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Humans as A Killing Species

by Ken Fuchsman, Ed.D., President, International Psychohistorical Association

Thursday, May 31st, 2018, @ 1:40 pm - 2:30 pm    

1 CEU

Abstract:

Humanity does not live by bread alone.  Foul, fish, and beef are staples of the diets of many of us.  We kill billions of animals and plants for food each year.  There are at least fifteen ways we kill.  Our large brains, language, and empathy are seen as characterizing our species.   Killing should be added to the list, for human existence cannot yet be separated from using force to end lives.  This paper explores homicide, suicide and war as part of how humanity is a killing species.

 

Learning Points:

At the end of this educational activity, its participants will be able to:

1) analyze the place of violence and killing within human existence;

2) examine the psychological impact of war on its participants, and what drive combatants to emotional extremes;

3) discuss and analyze the origins of suicide - in different cultures, in past and present;

4) discuss the psychology of men who kill intimate partners.

References:

Bednarik, R. (2011). The human condition. New York: Springer. 

Catalano, S.,, Smith, E., Snyder, H., & Rand, M. (2009). Female Victims of Violence. U.S. Department of Justice, Bureau of Justice Statistics. Retrieved from:

            http://www.bjs.gov/content/pub/pdf/fvv.pdf

Cartwrite, D. (2004). Psychoanalysis, violence and rage-type murder: Murdering minds. Foreword by P. Fonagy. London, UK: Routledge.

Dobash, R. E., & Dobash, R. P. (2015). When men murder women. Oxford: Oxford University Pres.

Eisner, M. (2012). What causes large-scale variation in homicide  rates. Retrieved from:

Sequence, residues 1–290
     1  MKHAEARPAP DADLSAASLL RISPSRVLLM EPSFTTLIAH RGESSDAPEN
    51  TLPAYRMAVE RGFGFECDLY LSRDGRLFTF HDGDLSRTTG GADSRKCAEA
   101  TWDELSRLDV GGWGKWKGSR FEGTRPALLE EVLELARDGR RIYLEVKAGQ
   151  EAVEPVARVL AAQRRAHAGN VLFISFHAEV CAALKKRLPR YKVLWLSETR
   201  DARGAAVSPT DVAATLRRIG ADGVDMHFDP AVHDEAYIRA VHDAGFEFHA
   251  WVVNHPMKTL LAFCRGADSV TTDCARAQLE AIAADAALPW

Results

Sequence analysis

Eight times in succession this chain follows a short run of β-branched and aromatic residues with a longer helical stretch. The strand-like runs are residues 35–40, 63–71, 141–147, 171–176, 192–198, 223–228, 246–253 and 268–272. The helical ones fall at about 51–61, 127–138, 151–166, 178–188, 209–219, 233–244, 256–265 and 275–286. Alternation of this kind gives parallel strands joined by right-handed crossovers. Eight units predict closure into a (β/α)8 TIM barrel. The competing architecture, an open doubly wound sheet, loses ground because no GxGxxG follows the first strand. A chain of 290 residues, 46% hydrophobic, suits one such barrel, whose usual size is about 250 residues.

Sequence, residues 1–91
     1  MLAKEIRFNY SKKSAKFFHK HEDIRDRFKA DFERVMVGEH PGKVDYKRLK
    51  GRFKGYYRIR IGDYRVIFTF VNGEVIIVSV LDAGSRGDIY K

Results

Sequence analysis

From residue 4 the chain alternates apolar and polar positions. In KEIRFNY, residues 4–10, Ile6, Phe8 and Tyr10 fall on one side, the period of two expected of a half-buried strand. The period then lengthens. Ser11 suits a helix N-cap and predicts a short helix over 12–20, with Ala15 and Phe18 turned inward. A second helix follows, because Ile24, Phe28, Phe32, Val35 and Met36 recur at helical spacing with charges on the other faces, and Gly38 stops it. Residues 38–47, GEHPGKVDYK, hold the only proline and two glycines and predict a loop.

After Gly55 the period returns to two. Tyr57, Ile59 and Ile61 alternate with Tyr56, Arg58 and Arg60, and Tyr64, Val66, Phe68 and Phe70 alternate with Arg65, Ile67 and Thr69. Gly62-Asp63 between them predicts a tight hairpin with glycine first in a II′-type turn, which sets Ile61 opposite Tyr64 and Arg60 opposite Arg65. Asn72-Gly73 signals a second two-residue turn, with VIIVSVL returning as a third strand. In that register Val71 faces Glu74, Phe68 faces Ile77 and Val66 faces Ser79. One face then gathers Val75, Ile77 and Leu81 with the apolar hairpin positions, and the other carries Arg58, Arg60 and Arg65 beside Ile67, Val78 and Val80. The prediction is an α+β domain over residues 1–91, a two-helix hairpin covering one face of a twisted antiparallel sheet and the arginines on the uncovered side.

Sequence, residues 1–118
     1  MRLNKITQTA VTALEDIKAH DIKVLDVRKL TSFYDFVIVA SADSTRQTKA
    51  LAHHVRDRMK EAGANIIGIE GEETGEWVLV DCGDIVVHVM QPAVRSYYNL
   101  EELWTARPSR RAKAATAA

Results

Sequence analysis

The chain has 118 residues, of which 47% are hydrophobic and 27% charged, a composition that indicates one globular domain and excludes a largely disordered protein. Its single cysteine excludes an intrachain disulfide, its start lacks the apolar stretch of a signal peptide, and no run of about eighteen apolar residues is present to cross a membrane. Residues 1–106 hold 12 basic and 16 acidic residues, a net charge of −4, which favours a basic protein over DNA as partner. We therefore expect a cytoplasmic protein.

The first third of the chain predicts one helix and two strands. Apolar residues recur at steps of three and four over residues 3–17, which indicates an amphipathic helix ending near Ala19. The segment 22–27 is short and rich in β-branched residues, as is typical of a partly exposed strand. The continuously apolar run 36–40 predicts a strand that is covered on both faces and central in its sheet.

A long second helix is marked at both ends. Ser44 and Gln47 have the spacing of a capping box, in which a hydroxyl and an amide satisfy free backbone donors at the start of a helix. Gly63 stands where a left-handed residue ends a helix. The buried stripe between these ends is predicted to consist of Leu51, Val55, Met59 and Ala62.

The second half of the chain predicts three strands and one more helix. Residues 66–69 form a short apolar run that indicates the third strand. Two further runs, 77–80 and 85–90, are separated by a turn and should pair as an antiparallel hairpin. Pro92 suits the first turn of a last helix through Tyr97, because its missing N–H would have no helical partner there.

http://www.crim.cam.ac.uk/people/academic_research/manuel_eisner/large_scale-variation.pdf.

Gat, A. (2017). The causes of war and the spread of peace. Oxford: Oxford University Press.

Goodal, J., Wrangham, R., & Peterson, D. (January 4, 2013). We, too, are violent animals. Wall Street Journal. Retrieved from: http://online.wsj.com/news/articles/SB10001424127887323874204578220002834225378

Hrdy, S. B. (2009). Mothers and others: The evolutionary origins of mutual understanding. Cambridge, MA:  Harvard University Press.

Kekes, J. (2010). The human condition. Oxford, UK: Oxford University Press. 

Kelly, R. (2000). Warless societies and the origin of war. Ann Arbor: University of Michigan Press.

Klein, R., & Sitling, M. (Translator) (2011). Sociality as the human condition. Leiden, NL: Brill Publishers.

 

Bio of the Presenter:

Ken Fuchsman, Ed.D., is Emeritus Faculty at the University of Connecticut, where he taught history and interdisciplinary studies. He designed courses in the Nature of Being Human and the Interdisciplinary Study f the Family. Dr. Fuchsman is President of the International Psychohistorical Association. His writings include multiple articles on Presidents Kennedy, Obama, and Trump, trauma, empathy, being human, and on film. 

 

 


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